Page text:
Highpockets, by John Tunis, is a baseball novel, first published by Scholastic Book Services in 1948.
It is one of a series of books that Tunis has written on the subject of a fictionalized Brooklyn Dodgers baseball team. In this book the title character, Cecil (Highpockets) McCade is an unlikable rookie professional ball player in New York City. He is totally selfish and is not liked by anyone on the team. He does not play for the team.
He is only concerned with his own records and his money. He was a poor farm boy from North Carolina, and now that he is in the major leagues and playing in the outfield for a famous and well-loved team he thinks only of how it will profit him. He considers his siblings at home in North Carolina and thinks about how to pay for their schooling as well as pay off the mortgage on his family’s home. No one else matters.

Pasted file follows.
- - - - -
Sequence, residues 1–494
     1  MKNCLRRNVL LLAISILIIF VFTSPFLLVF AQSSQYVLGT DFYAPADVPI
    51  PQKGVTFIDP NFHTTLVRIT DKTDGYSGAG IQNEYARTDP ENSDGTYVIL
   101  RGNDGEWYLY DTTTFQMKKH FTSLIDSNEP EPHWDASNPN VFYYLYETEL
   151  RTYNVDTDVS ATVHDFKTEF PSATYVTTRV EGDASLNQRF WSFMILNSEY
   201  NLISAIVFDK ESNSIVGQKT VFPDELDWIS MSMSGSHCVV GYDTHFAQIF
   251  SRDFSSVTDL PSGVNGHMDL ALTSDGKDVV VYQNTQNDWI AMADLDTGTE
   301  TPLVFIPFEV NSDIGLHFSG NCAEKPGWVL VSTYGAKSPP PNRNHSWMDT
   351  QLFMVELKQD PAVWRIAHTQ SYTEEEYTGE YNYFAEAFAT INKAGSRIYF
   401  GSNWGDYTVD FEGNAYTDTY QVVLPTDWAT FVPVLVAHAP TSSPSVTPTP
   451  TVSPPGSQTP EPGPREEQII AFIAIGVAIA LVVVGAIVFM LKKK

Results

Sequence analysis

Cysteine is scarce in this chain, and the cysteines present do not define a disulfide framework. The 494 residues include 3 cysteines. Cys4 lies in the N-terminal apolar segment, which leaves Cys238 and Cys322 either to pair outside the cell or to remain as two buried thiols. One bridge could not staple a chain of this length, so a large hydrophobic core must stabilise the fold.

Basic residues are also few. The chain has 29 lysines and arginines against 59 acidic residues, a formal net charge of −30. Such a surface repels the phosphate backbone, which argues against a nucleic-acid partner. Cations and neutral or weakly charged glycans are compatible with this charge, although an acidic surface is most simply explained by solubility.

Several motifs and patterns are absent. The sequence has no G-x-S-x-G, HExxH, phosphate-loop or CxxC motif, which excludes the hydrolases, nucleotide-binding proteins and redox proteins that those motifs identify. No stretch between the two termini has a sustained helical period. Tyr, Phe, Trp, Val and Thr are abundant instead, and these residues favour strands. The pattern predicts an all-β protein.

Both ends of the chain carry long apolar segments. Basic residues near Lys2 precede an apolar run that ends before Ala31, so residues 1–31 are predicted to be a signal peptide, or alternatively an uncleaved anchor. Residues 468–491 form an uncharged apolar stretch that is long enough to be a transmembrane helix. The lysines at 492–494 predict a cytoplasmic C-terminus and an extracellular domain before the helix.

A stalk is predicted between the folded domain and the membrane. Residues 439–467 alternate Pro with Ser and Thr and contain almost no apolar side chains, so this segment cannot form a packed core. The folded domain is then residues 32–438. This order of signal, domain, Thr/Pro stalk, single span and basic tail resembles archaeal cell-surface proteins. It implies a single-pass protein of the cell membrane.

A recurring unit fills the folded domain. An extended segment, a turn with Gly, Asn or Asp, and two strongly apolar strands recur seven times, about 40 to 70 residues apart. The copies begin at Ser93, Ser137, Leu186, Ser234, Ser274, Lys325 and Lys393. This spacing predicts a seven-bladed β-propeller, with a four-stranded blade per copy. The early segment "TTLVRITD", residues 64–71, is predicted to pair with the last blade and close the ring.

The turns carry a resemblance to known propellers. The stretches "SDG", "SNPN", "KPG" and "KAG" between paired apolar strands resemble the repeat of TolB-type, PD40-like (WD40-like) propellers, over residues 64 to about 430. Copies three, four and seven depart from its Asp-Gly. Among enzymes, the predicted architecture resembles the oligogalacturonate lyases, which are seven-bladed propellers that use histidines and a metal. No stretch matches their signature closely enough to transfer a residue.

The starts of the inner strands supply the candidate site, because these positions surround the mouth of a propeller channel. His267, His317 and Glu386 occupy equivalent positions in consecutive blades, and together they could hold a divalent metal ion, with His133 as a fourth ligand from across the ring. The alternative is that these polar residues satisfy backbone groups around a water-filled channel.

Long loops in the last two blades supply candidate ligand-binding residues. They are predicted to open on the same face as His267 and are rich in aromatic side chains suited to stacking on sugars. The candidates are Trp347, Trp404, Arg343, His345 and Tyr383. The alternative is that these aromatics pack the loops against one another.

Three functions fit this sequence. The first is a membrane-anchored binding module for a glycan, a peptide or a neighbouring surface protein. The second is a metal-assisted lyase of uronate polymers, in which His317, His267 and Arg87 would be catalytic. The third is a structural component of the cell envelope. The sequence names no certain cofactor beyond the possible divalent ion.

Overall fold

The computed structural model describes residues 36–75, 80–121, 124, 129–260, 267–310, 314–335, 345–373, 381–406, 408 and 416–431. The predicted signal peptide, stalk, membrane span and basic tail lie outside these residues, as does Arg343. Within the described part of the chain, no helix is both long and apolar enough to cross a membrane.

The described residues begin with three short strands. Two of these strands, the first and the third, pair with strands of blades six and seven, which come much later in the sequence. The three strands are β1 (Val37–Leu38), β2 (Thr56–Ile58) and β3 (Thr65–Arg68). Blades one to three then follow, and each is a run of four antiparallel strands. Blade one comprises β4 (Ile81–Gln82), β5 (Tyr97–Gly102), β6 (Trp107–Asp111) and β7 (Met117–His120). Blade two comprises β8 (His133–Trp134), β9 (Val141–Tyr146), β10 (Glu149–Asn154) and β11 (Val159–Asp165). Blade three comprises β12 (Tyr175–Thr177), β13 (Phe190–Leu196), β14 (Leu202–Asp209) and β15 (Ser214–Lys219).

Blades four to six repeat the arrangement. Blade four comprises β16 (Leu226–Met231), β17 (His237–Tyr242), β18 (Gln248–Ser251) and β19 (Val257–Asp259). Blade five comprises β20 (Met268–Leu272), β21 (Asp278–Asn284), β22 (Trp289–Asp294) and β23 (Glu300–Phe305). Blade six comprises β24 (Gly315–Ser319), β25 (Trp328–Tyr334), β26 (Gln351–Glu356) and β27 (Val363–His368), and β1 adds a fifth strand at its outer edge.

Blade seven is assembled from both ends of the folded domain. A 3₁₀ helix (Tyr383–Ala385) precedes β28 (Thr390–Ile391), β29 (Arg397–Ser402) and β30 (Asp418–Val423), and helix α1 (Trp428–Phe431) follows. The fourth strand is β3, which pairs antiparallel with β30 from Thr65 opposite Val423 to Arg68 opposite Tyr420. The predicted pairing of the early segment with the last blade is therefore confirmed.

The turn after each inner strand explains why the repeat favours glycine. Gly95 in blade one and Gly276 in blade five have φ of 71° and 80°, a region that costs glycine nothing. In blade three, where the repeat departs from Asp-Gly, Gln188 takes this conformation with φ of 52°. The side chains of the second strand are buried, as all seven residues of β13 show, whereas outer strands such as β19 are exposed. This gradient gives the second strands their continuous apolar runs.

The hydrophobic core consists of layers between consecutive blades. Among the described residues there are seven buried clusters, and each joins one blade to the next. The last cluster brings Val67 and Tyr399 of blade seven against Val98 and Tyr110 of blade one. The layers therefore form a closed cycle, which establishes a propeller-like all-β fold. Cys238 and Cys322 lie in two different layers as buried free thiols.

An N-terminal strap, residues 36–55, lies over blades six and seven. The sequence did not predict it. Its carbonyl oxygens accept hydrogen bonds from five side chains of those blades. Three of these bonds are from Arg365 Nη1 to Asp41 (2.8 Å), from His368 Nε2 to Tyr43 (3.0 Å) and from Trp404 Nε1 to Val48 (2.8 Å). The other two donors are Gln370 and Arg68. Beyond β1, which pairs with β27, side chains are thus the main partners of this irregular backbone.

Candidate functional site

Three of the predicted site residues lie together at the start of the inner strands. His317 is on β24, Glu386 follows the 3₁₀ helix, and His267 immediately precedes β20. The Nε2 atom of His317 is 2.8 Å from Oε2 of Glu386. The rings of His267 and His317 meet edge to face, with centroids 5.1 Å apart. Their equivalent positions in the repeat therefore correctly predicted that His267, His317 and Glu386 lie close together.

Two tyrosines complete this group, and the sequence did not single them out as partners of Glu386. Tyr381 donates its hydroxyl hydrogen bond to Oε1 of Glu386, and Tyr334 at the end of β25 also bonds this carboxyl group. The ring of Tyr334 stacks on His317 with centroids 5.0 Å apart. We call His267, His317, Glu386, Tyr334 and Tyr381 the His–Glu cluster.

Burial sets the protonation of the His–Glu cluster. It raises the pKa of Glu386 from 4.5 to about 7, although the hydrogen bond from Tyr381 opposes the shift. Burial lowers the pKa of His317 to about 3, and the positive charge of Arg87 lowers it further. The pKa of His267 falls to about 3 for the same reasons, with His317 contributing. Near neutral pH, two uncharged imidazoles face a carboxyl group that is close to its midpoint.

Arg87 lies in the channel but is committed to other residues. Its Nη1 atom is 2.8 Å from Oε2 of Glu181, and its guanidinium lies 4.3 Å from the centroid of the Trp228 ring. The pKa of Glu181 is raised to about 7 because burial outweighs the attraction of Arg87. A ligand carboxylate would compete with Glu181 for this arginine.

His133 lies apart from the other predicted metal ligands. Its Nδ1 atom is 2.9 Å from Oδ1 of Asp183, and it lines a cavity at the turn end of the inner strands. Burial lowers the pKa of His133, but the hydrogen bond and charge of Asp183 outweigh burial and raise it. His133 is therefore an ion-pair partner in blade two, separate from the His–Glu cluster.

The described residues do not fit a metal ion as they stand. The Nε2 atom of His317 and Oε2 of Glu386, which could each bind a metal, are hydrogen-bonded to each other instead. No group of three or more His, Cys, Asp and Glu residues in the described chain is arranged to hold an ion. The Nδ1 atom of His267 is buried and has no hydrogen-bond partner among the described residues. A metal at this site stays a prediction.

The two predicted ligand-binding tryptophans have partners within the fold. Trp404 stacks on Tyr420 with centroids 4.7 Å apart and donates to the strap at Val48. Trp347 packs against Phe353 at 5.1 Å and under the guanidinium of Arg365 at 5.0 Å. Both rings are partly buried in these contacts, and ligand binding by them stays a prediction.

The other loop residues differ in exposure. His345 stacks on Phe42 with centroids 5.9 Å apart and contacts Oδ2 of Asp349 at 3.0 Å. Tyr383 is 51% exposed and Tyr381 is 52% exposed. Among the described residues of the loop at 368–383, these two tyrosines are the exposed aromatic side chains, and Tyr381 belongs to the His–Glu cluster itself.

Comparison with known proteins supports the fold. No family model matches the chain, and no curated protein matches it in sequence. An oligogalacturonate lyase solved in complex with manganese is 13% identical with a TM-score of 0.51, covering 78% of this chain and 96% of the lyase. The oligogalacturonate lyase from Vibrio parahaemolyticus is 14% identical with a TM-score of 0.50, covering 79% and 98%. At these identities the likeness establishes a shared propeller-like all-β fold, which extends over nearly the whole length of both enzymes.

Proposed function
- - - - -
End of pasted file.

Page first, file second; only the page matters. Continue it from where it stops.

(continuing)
Before the end of this book the protagonist, Highpockets McCade, learns the importance of being a team player and that the praise of your team and friends is much more important than the cheers of the crowd or a good story from a sports writer. The book didn’t change my thoughts much, though I enjoyed the book. It seems to me that the lessons he learned should have been a part of his upbringing and his parents should have instilled better values in him to begin with.
The turning point in his life, the incident that causes him to see the light, is an accident involving a boy. It is not McCade’s fault but he becomes friends with the boy and it changes his attitude and his life as he starts to become the team player that his teammates want and need. In a move that is so predicable that it seems right out of Hollywood, his team makes it to the playoffs and he makes the play that wins the game and the pennant. The story is dated and juvenile but has good values and is worth the reading.
Tunis, J. Highpockets New York: Scholastic Book Services 1948